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Go big, go DC: an in-depth look at DC-coupled solar-plus-storage

New technologies and designs aimed at driving down the cost of energy storage facilities are currently the focus of intense industry R&D. Sara Verbruggen reports on DC coupling, an emerging system architecture that many believe will soon become the industry standard, in a paper which first appeared in PV Tech Power's Energy Storage Special Report 2019. 

As the costs of solar PV modules continue to reduce, and those of batteries follow a similar downward trajectory, solar-plus-storage is in growing demand among utilities and solar developers.

The US is leading the trend, where these types of clean energy power stations are starting to produce electricity competitively with gas peaking plants, especially when other revenue streams from grid services are factored in.

To further push down the levelised cost of energy (LCoE) of solar-plus-storage and maximise the amount of megawatt hours (MWh) of solar-generated electricity that can be fed into the grid, energy suppliers and developers are turning to direct current (DC) coupling these installations.

Compared with alternating current (AC) coupling, DC coupling the PV array and the battery storage system in front-of-meter installations, such as utility-scale plants, is a much newer, less standardised approach. This had led some US utilities to begin piloting these configurations to see how the technology performs. On the supply chain side, balance of plant (BoP) equipment manufacturers are delivering more standardised and simpler to use power electronics equipment for enabling DC-coupled plants.

DC- versus AC-coupled solar-plus-storage

A DC-coupled battery system at Duke Energy’s Mount Holly test site using Dynapower equipment. Expectations are high that DC coupling will help drive down solar-plus-storage costs. Image: Dynapower.

In AC-coupled solar-plus-storage installations there are two inverters, one for the PV array and another for the battery energy storage system.

With this system configuration, both the battery and solar array can be discharged at maximum power and they can be dispatched independently or together, providing the operator with more flexibility in terms of how they operate and dispatch the asset. Located at the same site the solar array and energy storage facility can either share a single point of interconnection to the grid or have two separate interconnections.

In DC coupling, the co-located solar and energy storage assets share the same interconnection, are connected on the same DC bus and use the same inverter. They are dispatched together as a single facility. DC coupling reduces efficiency losses, which occur when electricity current is converted, such as from DC to AC (Figure 1).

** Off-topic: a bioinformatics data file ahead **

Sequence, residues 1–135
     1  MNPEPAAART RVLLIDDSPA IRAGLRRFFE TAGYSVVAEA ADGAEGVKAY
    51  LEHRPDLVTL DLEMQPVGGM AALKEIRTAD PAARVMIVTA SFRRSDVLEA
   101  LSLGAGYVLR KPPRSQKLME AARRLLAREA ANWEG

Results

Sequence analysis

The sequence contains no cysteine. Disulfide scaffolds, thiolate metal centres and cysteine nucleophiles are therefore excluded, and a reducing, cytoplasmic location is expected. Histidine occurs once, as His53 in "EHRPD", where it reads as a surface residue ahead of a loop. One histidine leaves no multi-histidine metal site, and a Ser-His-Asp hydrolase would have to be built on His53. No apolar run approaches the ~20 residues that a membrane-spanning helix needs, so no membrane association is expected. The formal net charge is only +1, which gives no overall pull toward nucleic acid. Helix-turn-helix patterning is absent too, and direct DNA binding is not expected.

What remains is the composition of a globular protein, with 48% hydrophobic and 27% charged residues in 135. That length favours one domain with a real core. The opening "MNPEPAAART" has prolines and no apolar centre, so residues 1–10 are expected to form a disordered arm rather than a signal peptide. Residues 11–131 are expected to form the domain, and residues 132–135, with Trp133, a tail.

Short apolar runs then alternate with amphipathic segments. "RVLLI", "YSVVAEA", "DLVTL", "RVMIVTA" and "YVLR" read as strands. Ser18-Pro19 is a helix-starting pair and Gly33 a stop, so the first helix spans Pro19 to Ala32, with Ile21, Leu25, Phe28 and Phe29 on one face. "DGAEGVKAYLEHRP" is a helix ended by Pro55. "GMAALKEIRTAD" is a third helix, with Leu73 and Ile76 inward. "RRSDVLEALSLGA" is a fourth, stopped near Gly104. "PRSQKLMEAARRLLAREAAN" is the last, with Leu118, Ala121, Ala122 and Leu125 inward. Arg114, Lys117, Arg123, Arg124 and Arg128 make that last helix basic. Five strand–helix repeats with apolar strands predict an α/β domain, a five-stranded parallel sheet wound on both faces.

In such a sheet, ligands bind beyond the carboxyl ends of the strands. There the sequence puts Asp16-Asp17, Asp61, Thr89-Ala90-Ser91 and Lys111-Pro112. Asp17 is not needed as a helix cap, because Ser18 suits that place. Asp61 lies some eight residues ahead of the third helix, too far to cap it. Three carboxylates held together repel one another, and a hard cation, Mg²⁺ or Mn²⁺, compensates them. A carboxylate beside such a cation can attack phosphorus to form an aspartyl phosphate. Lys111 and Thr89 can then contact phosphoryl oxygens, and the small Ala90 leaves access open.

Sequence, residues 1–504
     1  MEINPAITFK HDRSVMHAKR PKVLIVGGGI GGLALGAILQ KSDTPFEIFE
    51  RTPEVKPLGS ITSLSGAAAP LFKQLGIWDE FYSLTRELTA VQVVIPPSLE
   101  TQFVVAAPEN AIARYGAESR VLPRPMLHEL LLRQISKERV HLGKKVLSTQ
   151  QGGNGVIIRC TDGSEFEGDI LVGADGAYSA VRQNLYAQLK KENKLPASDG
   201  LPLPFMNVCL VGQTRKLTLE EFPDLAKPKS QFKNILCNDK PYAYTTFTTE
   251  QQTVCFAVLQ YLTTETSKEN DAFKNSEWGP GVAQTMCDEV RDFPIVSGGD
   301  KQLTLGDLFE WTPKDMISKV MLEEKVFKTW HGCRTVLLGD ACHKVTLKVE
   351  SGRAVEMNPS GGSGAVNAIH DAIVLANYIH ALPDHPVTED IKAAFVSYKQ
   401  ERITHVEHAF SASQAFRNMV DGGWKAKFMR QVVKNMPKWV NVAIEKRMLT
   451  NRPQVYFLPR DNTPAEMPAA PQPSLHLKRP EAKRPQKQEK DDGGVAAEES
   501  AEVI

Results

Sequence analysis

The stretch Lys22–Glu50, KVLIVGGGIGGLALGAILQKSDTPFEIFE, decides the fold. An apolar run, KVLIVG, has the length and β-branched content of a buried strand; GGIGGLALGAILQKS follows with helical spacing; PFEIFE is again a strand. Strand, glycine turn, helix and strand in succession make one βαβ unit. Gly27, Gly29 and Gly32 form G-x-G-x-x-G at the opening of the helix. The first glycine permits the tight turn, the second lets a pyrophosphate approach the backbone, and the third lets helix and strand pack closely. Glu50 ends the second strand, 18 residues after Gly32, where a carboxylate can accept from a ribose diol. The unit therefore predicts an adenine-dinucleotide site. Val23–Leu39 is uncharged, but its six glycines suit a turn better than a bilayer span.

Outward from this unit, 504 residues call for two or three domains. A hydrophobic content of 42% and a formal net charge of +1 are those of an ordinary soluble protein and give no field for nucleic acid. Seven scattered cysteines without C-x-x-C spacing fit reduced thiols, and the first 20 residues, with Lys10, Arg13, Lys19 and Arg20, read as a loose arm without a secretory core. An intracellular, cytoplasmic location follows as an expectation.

According to Wood Mackenzie analyst Mitalee Gupta: “Hybrid approaches emerged in the past where you would see both PV and batteries connected to the grid via one multiport inverter, a configuration more common in behind-the-meter DC-coupled systems. But one of the disadvantages for the front-of-meter market has been cost of multiport inverters.”

The newer variation of DC architecture that has emerged for front-of-meter solar-storage, which Gupta is referring to, is a DC-DC converter. This piece of hardware is tied to the batteries and connects to the PV inverter along with the PV array, allowing for a single interconnection only.

Figure 1. Co-located solar and storage systems, in AC-coupled (left) and DC-coupled (right) configurations.

Reduced capex

Since interconnection can make up anywhere between one fifth to over a third of BoP costs, DC coupling can help reduce these costs. Co-locating different assets, be it solar and storage, solar and wind or solar, wind and storage, will always reduce BoP costs, compared with a standalone installation of a solar or wind plant, simply through sharing costs associated with land acquisition or leasing, labour, project management and permitting.

The US National Renewable Energy Laboratory (NREL) estimates that by 2020, BoP costs for co-located DC-coupled solar-plus-storage will be 40% lower and those for AC-coupled solar-plus-storage will be 30% lower.

Business case for clipping recapture

According to analysts IHS Markit, return
to stronger global solar growth in 2019 is occurring, driven by declining PV module prices, which have fallen by 32% on average in the past two years, while average PV inverter prices have also been falling, by 18% over the same period. As the cost of modules continue to reduce come down, DC coupling becomes increasingly advantageous when designing a solar-plus-storage plant, in order to outsize the plant’s solar capacity.

Eos Energy Storage business development manager Philippe Bouchard says: “As well as capturing more cheap solar energy for sending to the grid, you also have a dispatchable power plant and are able to maximise its output too. Power is being fed into the grid in the morning, in the day and in the evening.”

One company that has done modelling around clipping recapture is US power electronics company Dynapower. Through its activity in the energy storage business during the past 10 years, the company
saw the advantage of DC coupling, before developing conversion hardware to enable these types of installations. Dynapower launched the first DC-DC converter aimed at the utility-scale solar-plus-storage market in 2018.